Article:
“The police in the United States look like they are from the movies and so do their cars,” Louhibi said.
Louhibi is from Alicante, Spain, which is roughly 4,500 miles and six time zones away.
“Every day is like a movie here,” she said, “the way people look, the blondes, the way they dress and walk. I knew a lot about the United States because it’s such an influential culture.”
Louhibi flew to Birmingham in the spring of 2011 and 24 hours later students were giving her blank stares as she taught Spanish, in Spanish of course. She accepted a position to teach intermediate level Spanish through the World Languages and Cultures department at Samford University. Though she’s taught Spanish to English-speakers in her own country for years, she now has a better idea of how students feel when they don’t understand what’s being said in a class where English is prohibited.
“After coming here I understand how the students feel because now I’m in their situation every day with English.”
Louhibi, 30, said that the English language has been the most difficult hurdle to overcome in her stay here.
“At first when someone asked me ‘how are you doing?’ I understood it as ‘what are you doing?” “I knew some English (before coming) but I had never practiced speaking it,” she said. “The English I knew was from England, and coming to Alabama in particular, it was difficult but after a year I understand more.”
Louhibi said she loves hearing Southern words such as ‘y’all,’ ‘ma’am,’ and ‘sir’ and has recently learned slang such as ‘fixing to,’ ‘chillaxing’ and ‘Roll Tide.’ The strange way of speaking isn’t the only thing she likes about the South.
“The Southern hospitality here is something real and it has helped me so much,” she said.
One way it has aided Louhibi is simply getting around Birmingham. Louhibi does not have a driver’s license in the United States nor in Spain. In her city in Southeast Spain that’s not a problem. Birmingham, on the other hand, was ranked the seventh worst city in the United States for public transportation in May of 2011 by Time Magazine.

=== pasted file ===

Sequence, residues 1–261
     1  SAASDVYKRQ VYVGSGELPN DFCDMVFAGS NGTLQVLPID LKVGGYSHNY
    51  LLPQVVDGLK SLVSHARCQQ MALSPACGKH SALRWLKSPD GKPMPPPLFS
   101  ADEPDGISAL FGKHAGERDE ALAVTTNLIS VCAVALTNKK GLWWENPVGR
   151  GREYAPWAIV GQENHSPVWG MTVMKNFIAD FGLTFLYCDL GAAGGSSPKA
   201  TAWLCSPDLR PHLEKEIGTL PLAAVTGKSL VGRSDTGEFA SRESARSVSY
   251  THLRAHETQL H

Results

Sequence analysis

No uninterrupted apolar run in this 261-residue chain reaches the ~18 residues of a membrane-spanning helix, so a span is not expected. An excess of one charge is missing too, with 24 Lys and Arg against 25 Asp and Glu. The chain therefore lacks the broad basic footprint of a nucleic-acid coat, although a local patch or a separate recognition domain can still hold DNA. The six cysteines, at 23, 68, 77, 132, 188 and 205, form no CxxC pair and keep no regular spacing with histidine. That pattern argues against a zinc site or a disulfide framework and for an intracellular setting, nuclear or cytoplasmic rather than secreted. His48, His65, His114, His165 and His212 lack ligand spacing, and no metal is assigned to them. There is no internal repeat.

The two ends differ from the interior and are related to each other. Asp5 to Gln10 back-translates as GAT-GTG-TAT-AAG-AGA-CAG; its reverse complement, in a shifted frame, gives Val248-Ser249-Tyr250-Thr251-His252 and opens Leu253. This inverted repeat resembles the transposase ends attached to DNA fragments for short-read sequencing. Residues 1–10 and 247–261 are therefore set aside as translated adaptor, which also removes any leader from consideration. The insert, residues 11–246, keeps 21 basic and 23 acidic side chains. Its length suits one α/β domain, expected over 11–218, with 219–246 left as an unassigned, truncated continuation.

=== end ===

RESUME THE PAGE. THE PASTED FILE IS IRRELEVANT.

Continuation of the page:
If Louhibi needs groceries or wants to leave Samford’s campus, she has to ask a friend for a ride.
“It’s a handicap,” Louhibi said. “Alone I cannot go anywhere because there is no public transportation here. Thanks to the people here, I’ve never had any problems getting anywhere. My stay here overall has been so easy thanks to the friendliness of my coworkers and students.”
Sweet Home Alabama
In the weeks before her flight to the USA, Louhibi changed her ringtone to a familiar Lynyrd Skynyrd song. It was her way of preparing to leave her home and go to a country she’d never been to. Louhibi was singing songs about the Southland before she even stepped foot there.
While she, like many Europeans, was familiar with the iconic song, she didn’t know much else about the state, so she began to ask around.
“Basically what (my friends in Spain) said about Alabama was something negative, things like racism and closed-minded conservatives,” she said. “Now that I’ve come here, I see that it’s not true.
“I like to travel without prejudgments or preconceived thoughts,” she said.
While she doesn’t like to judge, she has a knack for noticing cultural differences between her home in Alicante and her temporary home at Samford University.
“I love observing and seeing how the cafeteria is divided (by social groups),” she said of the dining hall at Samford. “There are the fraternities and sororities that we don’t have in Spain. There’s the table for the sports players and the football team. There is no football in Spain.”
Another difference between Alabama and Spain is that strangers are more likely to spark a conversation here.
“In the grocery store in Spain they say ‘hola’ and you keep walking,” she said. “Here it’s happened to me they say ‘how are you doing?’ I answer ‘fine,’ they say ‘It’s a nice day,’ I say ‘Yes, beautiful day,’ and I am thinking ‘I only came here to buy groceries.’”
Louhibi plans to return to Spain in May. While she’ll bring back some American customs, others she’ll happily leave others for good. In Spain Louhibi eats dinner at 10 like the rest of the population.
“I will definitely not be eating dinner at six when I go back,” she said. “I still think it’s strange to eat at 5:30 or six. It’s unthinkable.”